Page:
\[p(s_{t}, a_{t}) \leftarrow p(s_{t}, a_{t}) + \alpha \delta_{t} e_{t}(s)\]Great, we obtained our generic computational model to use in a standard reinforcement learning scenario. Now, I would like to close the loop providing an answer to this simple question: does the computational model explain the neurobiological observation? Apparently yes. In the previous section we saw how Takahashi et al. (2008) observed some anomalies in the interaction between actor and critic in rats sensitized with cocaine. Drug abuse seems to deteriorate the dopaminergic feedback going from the critic to the actor. From the computational point of view we can observe a similar result when all the \(U(s)\) are the same regardless of the current state. In this case the prediction error \(\delta\) generated by the critic (with \(\gamma=1\)) reduces to the immediate available reward:
\[\delta_{t} = r_{t+1} + U(s_{t+1})  U(s_{t}) = r_{t+1}\]This result explains why the credit assignment problem emerges during the training of cocaine sensitized rats. The rats prefer the immediate reward and do not take into account the longterm drawbacks. Learning based only on immediate reward it’s not sufficient to master a complex Go/NoGo task but in simpler tasks learning can be faster, with cocaine sensitized rats performing better than the control group. However, for a neuroscientist this sort of explanations are too tidy. Recent work has highlighted the existence of multiple learning systems operating in parallel in the mammalian brain. Some of these systems (e.g. amygdala and/or nucleus accumbens) can replace a malfunctioning critic and compensate the damage caused by cocaine sensitization. In conclusion, additional experiments are needed in order to shed light on the neuronal AC architecture. Now it is time for coding. In the next section I will show you how to implement an AC algorithm in Python and how to apply it to the cleaning robot example.
ActorCritic Python implementation
Using the knowledge acquired in the previous posts we can easily create a Python script to implement an AC algorithm. As usual, I will use the robot cleaning example and the 4x3 grid world. To understand this example you have to read the rules of the grid world introduced in the first post. First of all I will describe the general architecture, then I will describe stepbystep the algorithm in a single episode. Finally I will implement everything in Python. In the complete architecture we can represent the critic using a utility function (state matrix). The matrix is initialized with zeros and updated at each iteration through TD learning. For example, after the first step the robot moves from (1,1) to (1,2) obtaining a reward of 0.04. The actor is represented by a stateaction matrix similar to the one used to model the Qfunction. Each time a new state is observed an action is returned and the robot moves. To avoid clutter I will draw an empty stateaction matrix, but imagine that the values inside the table have been initialized with random samples in the range [0,1].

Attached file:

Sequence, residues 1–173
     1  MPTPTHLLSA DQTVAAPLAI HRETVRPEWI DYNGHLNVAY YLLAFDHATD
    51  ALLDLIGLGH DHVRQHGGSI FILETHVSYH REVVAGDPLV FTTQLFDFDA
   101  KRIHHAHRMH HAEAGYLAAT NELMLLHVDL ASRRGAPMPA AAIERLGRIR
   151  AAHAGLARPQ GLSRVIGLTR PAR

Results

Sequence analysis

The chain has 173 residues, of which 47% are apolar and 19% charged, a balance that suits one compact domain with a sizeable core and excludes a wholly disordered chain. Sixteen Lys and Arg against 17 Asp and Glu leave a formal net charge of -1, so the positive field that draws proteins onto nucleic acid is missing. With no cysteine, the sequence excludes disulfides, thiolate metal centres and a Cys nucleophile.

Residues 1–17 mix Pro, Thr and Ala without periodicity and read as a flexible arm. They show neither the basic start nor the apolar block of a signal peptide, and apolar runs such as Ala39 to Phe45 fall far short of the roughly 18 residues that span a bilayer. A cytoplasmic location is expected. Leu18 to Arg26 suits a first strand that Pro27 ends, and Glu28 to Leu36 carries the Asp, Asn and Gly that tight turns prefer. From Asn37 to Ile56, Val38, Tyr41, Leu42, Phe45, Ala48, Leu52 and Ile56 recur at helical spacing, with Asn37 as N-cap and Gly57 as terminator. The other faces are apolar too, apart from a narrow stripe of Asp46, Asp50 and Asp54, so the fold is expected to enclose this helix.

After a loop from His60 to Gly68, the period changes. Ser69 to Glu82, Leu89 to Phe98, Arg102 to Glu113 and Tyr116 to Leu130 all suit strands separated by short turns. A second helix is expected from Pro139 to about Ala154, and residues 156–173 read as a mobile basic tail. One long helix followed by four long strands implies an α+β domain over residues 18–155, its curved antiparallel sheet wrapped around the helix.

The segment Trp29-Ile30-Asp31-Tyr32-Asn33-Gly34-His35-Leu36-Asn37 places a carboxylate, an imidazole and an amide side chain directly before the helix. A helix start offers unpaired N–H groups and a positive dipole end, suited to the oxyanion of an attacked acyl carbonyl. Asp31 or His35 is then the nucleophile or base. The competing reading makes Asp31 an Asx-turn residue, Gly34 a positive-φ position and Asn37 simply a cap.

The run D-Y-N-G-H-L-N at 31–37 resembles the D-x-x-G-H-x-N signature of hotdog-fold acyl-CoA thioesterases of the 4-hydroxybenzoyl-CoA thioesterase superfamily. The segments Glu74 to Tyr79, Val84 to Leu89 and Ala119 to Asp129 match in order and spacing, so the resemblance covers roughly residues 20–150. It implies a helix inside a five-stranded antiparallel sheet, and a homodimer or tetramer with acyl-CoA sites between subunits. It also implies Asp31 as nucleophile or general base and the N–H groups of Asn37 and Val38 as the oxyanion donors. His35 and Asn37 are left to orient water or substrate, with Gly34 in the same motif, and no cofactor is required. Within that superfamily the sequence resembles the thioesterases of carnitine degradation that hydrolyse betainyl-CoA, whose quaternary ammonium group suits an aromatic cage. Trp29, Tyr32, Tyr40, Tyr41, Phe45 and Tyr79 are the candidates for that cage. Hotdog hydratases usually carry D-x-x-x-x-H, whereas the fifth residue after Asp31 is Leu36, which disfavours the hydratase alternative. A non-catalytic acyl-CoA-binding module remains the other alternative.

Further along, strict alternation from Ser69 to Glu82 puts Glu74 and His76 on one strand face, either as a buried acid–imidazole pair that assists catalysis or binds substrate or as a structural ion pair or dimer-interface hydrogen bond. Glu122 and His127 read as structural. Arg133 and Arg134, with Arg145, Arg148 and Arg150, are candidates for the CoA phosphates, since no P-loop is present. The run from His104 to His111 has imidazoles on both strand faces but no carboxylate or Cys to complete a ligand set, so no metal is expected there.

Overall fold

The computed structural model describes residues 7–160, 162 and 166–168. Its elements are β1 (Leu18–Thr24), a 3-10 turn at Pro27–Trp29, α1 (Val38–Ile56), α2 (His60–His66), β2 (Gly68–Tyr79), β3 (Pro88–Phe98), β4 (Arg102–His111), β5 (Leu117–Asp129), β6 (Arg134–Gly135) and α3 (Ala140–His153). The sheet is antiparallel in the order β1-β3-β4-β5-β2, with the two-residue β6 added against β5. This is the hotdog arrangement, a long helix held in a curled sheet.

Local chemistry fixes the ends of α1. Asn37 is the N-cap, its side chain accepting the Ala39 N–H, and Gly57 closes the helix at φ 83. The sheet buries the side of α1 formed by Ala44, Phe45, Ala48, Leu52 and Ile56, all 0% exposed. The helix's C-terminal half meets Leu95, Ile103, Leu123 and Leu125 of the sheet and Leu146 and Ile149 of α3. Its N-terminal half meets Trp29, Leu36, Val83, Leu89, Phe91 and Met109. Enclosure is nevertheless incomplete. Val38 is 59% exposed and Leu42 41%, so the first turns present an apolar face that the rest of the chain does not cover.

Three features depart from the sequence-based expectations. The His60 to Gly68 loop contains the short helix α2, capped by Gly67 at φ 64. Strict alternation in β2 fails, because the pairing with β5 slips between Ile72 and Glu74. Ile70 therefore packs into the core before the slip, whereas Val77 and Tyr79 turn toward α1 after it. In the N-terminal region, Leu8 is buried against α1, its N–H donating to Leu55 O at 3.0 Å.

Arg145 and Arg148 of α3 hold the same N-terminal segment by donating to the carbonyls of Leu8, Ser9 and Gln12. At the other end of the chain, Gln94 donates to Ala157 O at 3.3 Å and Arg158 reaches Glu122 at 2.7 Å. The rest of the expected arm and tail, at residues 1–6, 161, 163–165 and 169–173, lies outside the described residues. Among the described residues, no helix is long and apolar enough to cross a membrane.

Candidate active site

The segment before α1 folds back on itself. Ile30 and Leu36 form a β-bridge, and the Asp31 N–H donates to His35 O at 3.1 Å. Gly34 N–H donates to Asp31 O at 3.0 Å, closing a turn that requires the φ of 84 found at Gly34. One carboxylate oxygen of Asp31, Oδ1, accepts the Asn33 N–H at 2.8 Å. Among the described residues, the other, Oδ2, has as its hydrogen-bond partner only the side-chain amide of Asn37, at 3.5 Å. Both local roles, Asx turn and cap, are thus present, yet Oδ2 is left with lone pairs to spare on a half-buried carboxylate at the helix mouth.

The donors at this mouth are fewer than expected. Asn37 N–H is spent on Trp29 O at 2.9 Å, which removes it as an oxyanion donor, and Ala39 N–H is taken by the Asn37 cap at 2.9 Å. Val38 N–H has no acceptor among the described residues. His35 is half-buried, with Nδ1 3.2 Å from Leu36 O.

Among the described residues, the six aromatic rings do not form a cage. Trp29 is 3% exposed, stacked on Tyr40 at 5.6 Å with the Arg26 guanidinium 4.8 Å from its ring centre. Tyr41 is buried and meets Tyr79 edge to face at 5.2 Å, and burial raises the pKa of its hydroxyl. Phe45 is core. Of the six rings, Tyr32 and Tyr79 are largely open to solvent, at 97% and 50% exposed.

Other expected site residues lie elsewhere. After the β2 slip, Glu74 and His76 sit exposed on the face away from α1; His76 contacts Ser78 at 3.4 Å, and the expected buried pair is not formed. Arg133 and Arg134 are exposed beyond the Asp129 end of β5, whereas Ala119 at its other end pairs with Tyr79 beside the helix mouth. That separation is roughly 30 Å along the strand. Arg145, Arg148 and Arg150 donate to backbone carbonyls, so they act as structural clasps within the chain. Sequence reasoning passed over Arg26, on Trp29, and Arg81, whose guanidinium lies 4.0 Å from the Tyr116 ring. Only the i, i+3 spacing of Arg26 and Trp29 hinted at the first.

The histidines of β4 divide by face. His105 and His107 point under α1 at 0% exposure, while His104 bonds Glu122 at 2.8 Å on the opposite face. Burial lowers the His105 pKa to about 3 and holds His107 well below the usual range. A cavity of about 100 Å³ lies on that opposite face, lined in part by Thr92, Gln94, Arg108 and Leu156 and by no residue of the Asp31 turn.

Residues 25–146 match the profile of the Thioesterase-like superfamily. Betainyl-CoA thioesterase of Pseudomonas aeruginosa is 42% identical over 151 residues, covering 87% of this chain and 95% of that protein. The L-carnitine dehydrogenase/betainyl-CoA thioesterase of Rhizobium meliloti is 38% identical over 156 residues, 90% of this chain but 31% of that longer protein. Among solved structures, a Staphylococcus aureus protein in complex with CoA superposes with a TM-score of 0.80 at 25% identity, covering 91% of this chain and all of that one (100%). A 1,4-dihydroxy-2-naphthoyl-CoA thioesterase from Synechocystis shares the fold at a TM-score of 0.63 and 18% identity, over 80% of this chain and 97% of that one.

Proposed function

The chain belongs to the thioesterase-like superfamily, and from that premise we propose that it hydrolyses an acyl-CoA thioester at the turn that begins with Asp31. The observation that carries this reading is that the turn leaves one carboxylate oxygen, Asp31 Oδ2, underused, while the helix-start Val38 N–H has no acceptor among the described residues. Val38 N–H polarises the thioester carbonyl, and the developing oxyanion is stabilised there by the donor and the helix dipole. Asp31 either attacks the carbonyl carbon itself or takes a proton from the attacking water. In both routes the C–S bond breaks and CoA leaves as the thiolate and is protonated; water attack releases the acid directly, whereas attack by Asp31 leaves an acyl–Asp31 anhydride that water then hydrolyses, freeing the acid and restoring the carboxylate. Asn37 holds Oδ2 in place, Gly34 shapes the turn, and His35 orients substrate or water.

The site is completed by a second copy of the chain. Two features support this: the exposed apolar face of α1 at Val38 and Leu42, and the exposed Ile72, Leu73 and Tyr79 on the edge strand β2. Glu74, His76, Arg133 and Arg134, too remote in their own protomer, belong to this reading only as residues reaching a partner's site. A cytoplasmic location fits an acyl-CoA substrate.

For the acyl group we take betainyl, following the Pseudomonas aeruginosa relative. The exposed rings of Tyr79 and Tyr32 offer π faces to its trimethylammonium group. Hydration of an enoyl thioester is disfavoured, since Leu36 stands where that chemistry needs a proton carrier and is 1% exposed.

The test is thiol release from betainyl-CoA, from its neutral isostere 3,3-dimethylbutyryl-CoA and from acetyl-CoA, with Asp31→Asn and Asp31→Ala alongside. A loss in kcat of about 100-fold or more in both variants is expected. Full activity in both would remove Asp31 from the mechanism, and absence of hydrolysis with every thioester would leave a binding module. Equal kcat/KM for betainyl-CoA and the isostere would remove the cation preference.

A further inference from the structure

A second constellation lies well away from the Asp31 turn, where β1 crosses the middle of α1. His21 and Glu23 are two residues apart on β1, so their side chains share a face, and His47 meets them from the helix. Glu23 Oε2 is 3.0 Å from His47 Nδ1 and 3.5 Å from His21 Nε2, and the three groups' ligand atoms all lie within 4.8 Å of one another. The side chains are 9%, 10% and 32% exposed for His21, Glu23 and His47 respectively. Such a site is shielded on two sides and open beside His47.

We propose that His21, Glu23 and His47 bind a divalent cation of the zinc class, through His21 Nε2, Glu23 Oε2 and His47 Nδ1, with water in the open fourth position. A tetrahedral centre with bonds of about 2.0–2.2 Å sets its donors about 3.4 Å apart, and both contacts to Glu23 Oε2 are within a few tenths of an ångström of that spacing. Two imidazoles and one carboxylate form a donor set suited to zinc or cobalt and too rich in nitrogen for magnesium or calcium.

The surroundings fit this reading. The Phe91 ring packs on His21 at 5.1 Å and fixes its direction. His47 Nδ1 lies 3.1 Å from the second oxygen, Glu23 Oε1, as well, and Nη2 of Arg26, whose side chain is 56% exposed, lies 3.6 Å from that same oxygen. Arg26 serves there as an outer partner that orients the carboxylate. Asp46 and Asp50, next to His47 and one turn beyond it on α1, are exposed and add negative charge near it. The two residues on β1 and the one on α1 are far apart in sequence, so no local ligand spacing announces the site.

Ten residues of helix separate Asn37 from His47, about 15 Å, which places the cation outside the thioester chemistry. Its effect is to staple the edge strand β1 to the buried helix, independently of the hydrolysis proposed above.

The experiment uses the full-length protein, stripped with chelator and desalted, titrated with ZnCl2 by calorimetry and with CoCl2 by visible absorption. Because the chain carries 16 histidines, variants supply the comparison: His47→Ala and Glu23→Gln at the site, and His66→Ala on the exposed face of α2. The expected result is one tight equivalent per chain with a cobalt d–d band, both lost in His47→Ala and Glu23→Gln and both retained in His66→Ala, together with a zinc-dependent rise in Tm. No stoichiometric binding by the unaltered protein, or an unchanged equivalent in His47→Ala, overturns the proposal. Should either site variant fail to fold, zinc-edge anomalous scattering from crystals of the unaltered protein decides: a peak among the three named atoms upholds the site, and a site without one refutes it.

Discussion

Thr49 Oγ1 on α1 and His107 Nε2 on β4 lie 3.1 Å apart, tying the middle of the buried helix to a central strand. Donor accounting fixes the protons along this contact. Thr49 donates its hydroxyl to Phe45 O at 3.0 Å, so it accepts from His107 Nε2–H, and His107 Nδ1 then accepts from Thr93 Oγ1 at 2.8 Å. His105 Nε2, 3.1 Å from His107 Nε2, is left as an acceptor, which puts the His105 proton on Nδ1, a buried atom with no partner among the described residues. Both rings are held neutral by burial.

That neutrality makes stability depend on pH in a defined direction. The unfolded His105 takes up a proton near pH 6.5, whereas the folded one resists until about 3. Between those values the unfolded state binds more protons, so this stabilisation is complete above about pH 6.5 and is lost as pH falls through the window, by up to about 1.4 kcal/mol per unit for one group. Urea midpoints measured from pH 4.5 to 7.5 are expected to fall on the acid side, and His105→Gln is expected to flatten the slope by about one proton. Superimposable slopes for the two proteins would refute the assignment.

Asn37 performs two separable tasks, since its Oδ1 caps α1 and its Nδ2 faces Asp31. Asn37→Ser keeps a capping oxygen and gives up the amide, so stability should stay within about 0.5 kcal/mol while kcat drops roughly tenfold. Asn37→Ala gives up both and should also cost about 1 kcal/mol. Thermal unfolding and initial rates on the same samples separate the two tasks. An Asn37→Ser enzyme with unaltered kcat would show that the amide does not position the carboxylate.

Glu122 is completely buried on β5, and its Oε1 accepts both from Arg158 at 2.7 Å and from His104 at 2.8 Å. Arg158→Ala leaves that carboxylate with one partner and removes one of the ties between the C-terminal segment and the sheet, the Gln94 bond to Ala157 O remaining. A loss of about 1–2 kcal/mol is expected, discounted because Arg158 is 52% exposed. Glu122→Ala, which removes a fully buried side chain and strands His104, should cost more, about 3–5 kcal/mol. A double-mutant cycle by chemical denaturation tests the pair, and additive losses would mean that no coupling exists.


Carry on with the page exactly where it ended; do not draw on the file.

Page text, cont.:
In the episode considered here the robot starts in the bottomleft corner at state (1,1) and it reaches the charging station (reward=+1.0) after seven steps.
The first thing to do is to take an action. A query to the stateaction table (actor) returns the action vector for the current state that in our case is [0.48, 0.08, 0.15, 0.37]
. The action vector is passed to the softmax function that turns it into a probability distribution [0.30, 0.20, 0.22, 0.27]
. I sampled from the distribution using the Numpy method np.random.choice()
that returned the action UP.
The softmax function took as input the Ndimensional action vector \(\boldsymbol{x}\) and returned an Ndimensional vector of real values in the range [0, 1] that add up to 1. The softmax function can be easily implemented in Python, however differently from the original softmax equation here I will use numpy.max()
in the exponents to avoid approximation errors:
def softmax(x):
'''Compute softmax values of array x.
@param x the input array
@return the softmax array
'''
return np.exp(x  np.max(x)) / np.sum(np.exp(x  np.max(x)))